To find out what type of glove system will work well, ALWAYS know the temperatures and wind and humidity conditions that you can find on your way out. Of course, foreseeing the climate and mountain conditions is complex, as the rise or cover of the sun, the arrival of a storm or the changes between valley and ridges generate enormous variations. Moreover, there are mountaineers with large hands and always hot, others small hand and very sensitive to low temperatures…

So, until we have extensive experience with what works and what is not for our particular case, it takes a rational approach and bets on the most warm and protected doubt. And he always wears two pairs of gloves. Freezes, when they arrive, will always start by looking for the tips of your fingers. If hands, head and feet are well tucked in, it’s amazing how much stamina torso, arms and legs can offer.

But if the cold sneaks through those sensitive points, it will easily spread throughout the body and can also lead to serious and rapid complications from freezing. And watch out, when we say take into account the method, we have to remember that the biggest cooling factor is the wind, as shown by the classic wind effect boards in the actual thermal sensation.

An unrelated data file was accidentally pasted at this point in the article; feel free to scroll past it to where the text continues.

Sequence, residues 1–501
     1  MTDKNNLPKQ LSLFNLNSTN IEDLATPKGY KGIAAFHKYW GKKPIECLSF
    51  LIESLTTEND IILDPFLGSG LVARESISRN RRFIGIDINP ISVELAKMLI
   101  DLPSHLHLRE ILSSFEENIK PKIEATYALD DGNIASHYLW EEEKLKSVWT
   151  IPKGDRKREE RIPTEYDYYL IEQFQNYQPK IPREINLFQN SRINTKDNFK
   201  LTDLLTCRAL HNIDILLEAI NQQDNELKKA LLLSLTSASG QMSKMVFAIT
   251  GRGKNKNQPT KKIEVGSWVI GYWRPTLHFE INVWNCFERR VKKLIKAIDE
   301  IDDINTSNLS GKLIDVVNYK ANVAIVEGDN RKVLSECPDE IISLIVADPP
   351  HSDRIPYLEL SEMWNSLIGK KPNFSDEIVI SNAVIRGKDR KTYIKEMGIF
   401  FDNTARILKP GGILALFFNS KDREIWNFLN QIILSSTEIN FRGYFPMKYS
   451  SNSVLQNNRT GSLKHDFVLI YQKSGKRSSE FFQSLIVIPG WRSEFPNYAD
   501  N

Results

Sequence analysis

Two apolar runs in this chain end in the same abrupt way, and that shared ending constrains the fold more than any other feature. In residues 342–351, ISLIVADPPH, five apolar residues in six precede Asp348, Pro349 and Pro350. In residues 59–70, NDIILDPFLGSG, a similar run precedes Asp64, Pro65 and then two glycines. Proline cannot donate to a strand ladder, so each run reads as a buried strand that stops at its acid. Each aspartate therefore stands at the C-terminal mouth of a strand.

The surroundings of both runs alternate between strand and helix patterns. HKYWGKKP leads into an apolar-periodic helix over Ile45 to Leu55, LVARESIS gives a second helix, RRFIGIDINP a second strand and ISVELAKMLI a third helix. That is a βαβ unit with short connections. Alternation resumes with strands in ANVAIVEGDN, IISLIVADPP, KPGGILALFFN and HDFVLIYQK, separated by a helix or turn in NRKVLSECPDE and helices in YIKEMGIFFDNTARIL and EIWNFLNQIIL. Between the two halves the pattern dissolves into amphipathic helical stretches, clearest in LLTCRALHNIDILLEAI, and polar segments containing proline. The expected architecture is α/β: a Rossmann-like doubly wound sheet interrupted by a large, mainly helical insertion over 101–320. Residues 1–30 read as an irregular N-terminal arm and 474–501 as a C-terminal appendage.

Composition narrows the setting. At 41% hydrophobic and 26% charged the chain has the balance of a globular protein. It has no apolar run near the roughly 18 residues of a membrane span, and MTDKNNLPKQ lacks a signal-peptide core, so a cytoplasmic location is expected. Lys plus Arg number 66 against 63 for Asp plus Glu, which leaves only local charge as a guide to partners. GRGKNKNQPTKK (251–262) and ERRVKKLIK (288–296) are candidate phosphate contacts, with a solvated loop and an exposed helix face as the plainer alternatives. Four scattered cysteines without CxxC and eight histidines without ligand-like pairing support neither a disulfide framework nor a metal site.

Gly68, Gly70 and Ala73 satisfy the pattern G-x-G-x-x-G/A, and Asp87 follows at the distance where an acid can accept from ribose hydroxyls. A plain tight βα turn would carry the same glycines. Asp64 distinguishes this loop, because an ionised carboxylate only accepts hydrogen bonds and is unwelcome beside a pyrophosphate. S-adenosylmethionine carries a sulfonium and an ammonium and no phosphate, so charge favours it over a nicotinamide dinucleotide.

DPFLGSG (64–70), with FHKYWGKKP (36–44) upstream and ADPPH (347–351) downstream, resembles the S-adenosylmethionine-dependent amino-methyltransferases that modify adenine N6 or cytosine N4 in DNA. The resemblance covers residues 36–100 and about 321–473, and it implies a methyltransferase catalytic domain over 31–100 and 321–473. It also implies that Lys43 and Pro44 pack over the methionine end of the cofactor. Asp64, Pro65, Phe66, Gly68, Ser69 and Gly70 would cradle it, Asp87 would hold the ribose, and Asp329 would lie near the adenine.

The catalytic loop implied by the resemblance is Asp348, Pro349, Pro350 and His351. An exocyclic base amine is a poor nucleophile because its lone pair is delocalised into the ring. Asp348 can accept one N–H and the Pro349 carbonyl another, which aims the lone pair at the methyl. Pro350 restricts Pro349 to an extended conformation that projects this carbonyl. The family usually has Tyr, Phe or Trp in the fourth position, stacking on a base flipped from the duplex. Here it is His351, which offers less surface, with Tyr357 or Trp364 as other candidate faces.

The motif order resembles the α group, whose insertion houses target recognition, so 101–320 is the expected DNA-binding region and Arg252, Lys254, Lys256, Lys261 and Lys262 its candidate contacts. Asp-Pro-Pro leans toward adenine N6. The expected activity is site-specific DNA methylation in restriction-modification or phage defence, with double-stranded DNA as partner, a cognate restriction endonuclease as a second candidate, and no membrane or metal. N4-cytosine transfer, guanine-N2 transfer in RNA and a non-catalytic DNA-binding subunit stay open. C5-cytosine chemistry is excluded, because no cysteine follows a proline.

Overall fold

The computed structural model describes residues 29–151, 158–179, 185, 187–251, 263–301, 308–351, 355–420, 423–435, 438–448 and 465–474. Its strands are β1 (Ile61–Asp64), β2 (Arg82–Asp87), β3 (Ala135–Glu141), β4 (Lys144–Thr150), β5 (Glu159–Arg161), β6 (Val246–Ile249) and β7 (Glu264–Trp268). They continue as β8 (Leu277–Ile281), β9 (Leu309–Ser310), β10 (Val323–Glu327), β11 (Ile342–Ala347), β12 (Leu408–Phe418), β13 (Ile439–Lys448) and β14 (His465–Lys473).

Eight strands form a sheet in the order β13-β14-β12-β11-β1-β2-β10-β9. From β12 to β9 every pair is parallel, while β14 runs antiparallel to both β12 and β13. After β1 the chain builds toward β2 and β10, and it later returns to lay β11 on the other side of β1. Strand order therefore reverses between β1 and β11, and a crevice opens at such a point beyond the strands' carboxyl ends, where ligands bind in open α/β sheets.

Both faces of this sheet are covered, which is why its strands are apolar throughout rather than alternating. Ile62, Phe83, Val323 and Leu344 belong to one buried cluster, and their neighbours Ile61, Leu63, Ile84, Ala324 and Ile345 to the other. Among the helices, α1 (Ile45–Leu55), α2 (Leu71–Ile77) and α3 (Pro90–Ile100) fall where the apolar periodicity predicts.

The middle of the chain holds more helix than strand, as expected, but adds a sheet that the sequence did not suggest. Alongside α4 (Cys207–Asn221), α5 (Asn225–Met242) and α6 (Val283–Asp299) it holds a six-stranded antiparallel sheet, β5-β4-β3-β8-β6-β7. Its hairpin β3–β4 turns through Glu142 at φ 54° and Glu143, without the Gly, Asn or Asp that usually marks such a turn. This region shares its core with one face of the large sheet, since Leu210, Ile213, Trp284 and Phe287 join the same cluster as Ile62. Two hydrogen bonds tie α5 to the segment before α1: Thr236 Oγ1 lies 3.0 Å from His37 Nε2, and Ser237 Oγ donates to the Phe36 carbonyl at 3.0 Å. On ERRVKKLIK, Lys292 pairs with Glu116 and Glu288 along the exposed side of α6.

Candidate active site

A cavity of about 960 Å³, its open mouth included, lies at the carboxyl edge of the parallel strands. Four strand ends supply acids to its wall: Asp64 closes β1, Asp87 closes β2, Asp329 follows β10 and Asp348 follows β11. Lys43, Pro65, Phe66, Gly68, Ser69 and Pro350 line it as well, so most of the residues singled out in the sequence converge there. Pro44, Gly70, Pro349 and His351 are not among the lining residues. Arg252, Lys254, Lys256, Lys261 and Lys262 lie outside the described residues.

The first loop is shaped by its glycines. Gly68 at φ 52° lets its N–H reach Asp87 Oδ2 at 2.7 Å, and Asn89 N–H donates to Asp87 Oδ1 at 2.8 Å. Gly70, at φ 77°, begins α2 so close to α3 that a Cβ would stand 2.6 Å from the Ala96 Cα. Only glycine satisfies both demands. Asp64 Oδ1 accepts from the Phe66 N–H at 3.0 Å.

Getting it right to go hot and dry according to the way is not all Think also what degree of dexterity and sensitivity your hands need to complete the race, ascension or skiing that you have planned. Generally speaking, the more technical and complex the output, having a good touch and therefore thin and tight gloves, it can be a consideration. Again it will be the experience that will leave you sensations.

Don’t forget that the mitten is both the warmest pattern in a glove and the most clumsy when it comes to using your hands. It may be enough to just run or for a mechanical base in ultra Trail step, but in technical stretches of skiing, mountain biking, mountain and of course Trail tests of the style of Alpinultras or Skyextreme you will want to have the superior touch provided by a glove, even if it is thick.

Remember that in more technical situations, incorrect hand use costs time, which also cuts the safety margin. Gloves that don’t fit well can cause premature fatigue, create difficulty grabbing the cane, asserting ourselves in a prey, or getting the first one in an anchor.